North Carolina Appeals Cases: What You Need to Know
Even though there may be multiple parties involved as plaintiff and defendant to a lawsuit, the fact that there are generally two sides in litigation means that one will be unhappy with the result. In some cases, you may be disappointed in the result, but you gain closure and move on. However, when critical errors were the reason for an adverse outcome, you certainly want to seek justice. As you might be aware, your legal recourse in such a situation is filing an appeal with the North Carolina Court of Appeals.
Still, there is a lot of confusion about how appeals work in civil cases. Unless you have a legal background, you may not know when you can pursue this remedy, what transpires during the proceedings, and the types of relief you can obtain. As such, it is crucial to retain a North Carolina appellate practice attorney for assistance with your case. In addition, you might gain some perspective by reviewing some answers to frequently asked questions about appeals cases.
What issues can be raised on appeal? The North Carolina Rules of Appellate Procedure require that you have specific grounds for appeal, which means you need to establish that the court made a legal error by issuing a decision. The point of the appellate process is to resolve mistakes that occur due misapplication of the law to the facts; appeals do not re-try the case or address questions of fact.
Who are the parties to a North Carolina appellate case? Instead of plaintiff and defendant, the parties are designated as appellant and appellee. When you are asking an appeal court to review a trial court order for errors, you are in the position of the appellant. You could be on the other side of an appeals case, as appellee, if you prevailed at trial and the other party wants to appeal the ruling.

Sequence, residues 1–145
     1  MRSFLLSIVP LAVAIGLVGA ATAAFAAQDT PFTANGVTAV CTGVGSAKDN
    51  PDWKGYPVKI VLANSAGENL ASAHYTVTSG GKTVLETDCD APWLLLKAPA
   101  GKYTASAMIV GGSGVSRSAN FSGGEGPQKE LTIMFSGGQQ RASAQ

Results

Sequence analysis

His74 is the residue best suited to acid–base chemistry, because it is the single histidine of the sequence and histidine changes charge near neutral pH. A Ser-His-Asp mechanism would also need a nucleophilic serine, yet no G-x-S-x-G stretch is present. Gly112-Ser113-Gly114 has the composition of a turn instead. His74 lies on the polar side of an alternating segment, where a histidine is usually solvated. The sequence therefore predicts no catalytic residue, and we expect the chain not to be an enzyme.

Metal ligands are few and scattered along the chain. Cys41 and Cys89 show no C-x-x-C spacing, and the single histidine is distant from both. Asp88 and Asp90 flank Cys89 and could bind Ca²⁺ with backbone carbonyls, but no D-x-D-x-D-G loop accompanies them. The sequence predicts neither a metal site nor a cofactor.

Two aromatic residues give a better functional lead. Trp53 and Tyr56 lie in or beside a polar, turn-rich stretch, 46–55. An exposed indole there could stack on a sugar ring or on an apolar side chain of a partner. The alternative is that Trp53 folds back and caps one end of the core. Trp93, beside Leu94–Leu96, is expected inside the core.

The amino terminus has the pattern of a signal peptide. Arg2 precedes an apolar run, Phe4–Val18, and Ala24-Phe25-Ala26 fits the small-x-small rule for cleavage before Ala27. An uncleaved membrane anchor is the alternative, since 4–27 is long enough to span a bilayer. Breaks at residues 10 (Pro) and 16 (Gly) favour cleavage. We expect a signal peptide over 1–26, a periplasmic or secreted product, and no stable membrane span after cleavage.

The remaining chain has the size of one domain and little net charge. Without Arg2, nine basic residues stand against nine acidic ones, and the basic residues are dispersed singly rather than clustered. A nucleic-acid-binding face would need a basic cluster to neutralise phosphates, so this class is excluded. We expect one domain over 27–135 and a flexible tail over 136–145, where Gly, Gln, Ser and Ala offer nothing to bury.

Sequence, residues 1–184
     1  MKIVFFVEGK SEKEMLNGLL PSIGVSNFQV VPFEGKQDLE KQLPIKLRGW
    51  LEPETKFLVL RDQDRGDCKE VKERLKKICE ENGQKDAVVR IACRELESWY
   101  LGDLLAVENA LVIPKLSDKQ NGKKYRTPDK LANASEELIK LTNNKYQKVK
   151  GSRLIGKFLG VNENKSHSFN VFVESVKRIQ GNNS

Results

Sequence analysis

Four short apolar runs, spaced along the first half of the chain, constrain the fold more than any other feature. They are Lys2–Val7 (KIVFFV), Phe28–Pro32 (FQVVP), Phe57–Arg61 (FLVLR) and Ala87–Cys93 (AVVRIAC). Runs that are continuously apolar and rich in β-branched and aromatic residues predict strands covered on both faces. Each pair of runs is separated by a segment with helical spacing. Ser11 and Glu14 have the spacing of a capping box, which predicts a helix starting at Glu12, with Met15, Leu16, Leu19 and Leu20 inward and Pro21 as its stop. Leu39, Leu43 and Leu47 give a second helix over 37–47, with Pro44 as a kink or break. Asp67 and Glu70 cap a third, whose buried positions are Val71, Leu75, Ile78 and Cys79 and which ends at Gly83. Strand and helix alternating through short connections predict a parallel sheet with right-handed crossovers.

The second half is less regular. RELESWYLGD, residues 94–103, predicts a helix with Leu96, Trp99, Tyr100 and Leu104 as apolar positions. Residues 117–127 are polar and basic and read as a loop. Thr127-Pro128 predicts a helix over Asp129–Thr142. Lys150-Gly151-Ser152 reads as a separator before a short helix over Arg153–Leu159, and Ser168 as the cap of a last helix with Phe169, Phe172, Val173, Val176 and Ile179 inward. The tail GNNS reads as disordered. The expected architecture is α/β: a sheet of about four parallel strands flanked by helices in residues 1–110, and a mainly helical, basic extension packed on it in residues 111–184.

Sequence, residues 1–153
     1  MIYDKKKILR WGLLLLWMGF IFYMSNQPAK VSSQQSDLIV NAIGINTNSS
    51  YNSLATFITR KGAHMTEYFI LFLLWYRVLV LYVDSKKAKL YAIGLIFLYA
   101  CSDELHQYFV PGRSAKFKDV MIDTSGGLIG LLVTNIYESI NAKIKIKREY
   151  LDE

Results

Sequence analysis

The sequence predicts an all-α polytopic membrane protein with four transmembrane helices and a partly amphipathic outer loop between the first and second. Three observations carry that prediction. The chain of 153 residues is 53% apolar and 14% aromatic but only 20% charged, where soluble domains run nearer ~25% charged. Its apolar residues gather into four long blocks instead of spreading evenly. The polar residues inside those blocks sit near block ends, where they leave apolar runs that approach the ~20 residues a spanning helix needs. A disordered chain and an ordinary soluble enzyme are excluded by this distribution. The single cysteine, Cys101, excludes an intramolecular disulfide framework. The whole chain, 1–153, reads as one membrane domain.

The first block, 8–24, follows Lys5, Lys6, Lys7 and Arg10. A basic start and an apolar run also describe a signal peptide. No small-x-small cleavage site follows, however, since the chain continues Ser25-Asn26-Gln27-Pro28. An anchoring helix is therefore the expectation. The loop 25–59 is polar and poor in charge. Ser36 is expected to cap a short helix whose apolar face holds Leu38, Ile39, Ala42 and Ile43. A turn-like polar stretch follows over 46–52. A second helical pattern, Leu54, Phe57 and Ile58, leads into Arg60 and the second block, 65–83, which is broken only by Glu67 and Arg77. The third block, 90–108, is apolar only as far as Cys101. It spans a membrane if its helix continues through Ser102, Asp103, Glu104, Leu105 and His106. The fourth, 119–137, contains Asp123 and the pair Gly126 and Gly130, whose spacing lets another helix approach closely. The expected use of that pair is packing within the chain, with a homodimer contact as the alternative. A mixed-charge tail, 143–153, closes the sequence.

What evidence will the appellate court consider? As mentioned, an appeal does not focus on questions of fact that were resolved at the trial level. The only “evidence” before the appellate judges is the trial transcript, which includes all testimony, documents, and other exhibits. You will not be allowed to present additional evidence that was not already considered by the trial court.
How does the process work? You initiate the appeals process by filing a Notice of Appeal, which includes basic information about the parties and trial court decision you allege was made in error. From there:
- The appellant will prepare a brief that includes specifics regarding the legal mistake and how it should be resolved, such as overturning an order and/or remanding the case for the trial court to correct.
- The appellee has the opportunity to contest the appellant’s position through a response brief.
- The appeals court may hold oral arguments for the parties to provide more in-depth information on their respective positions.
The appeals process concludes when the appellate judges issue an order granting or denying the appeal.
Are there other options for resolving errors? Yes, North Carolina allows Court of Appeals mediation. Through this process, the parties attempt to work out the appeals dispute by agreement.
A North Carolina Appellate Practice Attorney Can Provide Additional Answers
While this information may be helpful, you probably have many other questions about how appeals work in North Carolina. Our team at Mullen Holland & Cooper P.A. is experienced in appellate cases, so we can advise you on your options and represent you in connection with the proceedings. To learn more, please call 704.864.6751 or visit us online. We can schedule a consultation at our offices in Gastonia, NC. We serve clients throughout Western North Carolina in many types of appeals, and we look forward to working with you.